Garden Sheds- and the things not to store in them
Garden Sheds provide a much need extra space for additional storage and most people across the country have one. While they are great for the garden lawn mower and garden tools, you should consider wisely what you put in there.
Three Factors You Should Consider
Extreme temperatures can damage a variety of items. High heat can do as little as melt candle wax or as much as making an expensive item unusable.
From mildew to rendering logs useless, moisture and condensation is a definite factor. Always take humidity into consideration when deciding how to store your items. Make sure that your shed is ventilated properly. See our tips below on why you should ensure that your shed is ventilated.
We keep our belongings indoors for a reason, right? Of course! We want to protect them from the bugs that will destroy them.
Outdoor storage isn’t built to keep them out, so bear this in mind when deciding to store anything.
Storing Items- what not to store
Any food container that contains metal – yes, even the lid – is subject to harmful rust. Rust will cause holes in the container and make the food spoil.
The food itself will interact with the metal container. This is especially true for acidic foods like tomatoes.
This not only affects the taste and texture but the nutritional value, as well.
Even canned food is not safe in a shed. Outbuildings are prone to extreme temperatures. Anything 100 degrees Fahrenheit (37.7 Celsius) and above will spoil your food.
If canned food freezes, the can swell and will need throwing it out. It could contain bacteria that causes paralysis, in some cases.
It could be possible that it is only the expansion of the contents due to freezing, too. It’s not worth the risk, so it’s best to throw it in the trash.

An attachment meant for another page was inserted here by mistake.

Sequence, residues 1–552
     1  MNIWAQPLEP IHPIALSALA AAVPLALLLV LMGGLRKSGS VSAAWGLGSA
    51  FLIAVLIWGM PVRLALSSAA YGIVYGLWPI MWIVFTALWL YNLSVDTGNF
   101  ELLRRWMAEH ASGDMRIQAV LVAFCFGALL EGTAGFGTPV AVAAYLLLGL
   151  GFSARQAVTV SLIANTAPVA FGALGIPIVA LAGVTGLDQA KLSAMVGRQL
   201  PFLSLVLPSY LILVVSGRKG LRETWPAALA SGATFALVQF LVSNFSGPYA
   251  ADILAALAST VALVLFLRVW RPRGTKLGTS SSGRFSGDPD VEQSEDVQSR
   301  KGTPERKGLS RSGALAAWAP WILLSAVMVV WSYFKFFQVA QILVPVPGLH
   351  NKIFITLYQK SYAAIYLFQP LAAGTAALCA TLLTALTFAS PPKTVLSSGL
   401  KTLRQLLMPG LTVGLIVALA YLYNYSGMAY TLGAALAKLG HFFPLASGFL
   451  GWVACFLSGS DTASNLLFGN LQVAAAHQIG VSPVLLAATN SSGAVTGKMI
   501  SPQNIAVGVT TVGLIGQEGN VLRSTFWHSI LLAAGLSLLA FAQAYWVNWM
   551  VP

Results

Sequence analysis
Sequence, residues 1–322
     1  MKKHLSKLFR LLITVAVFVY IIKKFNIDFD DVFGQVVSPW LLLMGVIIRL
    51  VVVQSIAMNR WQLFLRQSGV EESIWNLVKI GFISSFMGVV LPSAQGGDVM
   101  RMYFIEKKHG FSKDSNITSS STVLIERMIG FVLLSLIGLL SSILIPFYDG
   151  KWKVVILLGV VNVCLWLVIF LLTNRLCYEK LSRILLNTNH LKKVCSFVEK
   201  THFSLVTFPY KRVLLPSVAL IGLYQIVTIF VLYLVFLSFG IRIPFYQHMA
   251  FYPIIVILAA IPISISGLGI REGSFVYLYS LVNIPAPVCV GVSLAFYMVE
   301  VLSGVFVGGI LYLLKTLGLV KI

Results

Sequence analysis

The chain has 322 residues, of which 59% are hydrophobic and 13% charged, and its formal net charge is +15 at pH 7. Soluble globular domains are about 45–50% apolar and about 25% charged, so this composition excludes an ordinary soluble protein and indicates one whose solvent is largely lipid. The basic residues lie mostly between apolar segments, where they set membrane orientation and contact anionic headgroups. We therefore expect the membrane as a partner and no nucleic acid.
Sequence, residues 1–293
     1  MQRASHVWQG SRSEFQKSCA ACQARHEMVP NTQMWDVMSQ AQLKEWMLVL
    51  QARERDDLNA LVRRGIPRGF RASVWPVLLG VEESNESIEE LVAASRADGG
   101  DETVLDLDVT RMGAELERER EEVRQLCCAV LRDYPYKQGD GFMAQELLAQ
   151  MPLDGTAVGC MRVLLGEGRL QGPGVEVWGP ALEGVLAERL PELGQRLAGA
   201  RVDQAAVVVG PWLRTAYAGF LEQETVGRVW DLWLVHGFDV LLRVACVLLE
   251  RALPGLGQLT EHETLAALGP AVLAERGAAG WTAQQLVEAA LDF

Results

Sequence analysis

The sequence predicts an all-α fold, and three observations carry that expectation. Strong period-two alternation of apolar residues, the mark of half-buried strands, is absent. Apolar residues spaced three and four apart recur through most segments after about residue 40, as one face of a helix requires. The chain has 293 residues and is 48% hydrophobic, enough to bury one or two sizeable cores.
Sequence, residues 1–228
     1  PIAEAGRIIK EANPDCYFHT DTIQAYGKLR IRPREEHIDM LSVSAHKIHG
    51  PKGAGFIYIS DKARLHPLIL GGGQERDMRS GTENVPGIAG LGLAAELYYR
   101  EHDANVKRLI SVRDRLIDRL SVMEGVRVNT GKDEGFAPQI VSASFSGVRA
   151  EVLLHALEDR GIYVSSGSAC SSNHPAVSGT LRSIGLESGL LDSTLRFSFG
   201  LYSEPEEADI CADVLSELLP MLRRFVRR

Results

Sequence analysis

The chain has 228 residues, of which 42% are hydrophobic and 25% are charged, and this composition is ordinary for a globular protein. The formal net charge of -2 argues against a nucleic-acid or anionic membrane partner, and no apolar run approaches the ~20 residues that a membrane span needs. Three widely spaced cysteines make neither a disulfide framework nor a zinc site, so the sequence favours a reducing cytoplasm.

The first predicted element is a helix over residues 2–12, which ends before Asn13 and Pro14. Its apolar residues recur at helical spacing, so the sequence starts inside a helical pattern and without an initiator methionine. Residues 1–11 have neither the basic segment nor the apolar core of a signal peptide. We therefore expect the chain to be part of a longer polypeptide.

It is not unusual for families to buy in bulk from the supermarket,
Storing food in a building with
Don’t risk it. Keep your food in a safe, refrigerated area indoors
3. Clothes and Bedding
Mothballs exist for a reason. Insects can ruin your clothes! Not to mention, they may wind up smelling musty after prolonged storage. You should store your clothes in a dry place and if you cannot fit them all in you wardrobes then consider some storage solutions to help you. Below is a video that might help.
3. Paints and glues
When subject to extreme temperatures, paints and glue can often break down. If they freeze due to cold weather, they will become lumpy and be unable to be used.
4. Pet Food
When storing animal feeds, you run the risk of not only spoiling it but also attracting animals. When storing bags of animal food, you use an airtight container and store them at room temperature.
In a digital world we don’t have the same problems storing printed photographs. Don’t be tempted to store old photos in the shed. Humidity and high temperatures will cause photos to stick together. They could also develop mold. Your shed is the perfect environment to destroy family memories.
6. Important documents
Again, humidity is not a friend of paper. Storing important documents in a shed could result in moldy or illegible paperwork. Best to keep them in the house.
It might seem like a clever idea to cool your wine in the shed, but it’s also another one to stay clear of. When it’s kept at inconsistent temperatures, wine can have a metallic taste. Always store it somewhere dark and cool indoors
8. Electrical and Electronics
Rust can completely ruin the internal wiring of electronics, which is common when they are kept in garden sheds. Large plasma televisions for example, require temperature control, as the screens can be badly destroyed if the temperature constantly changes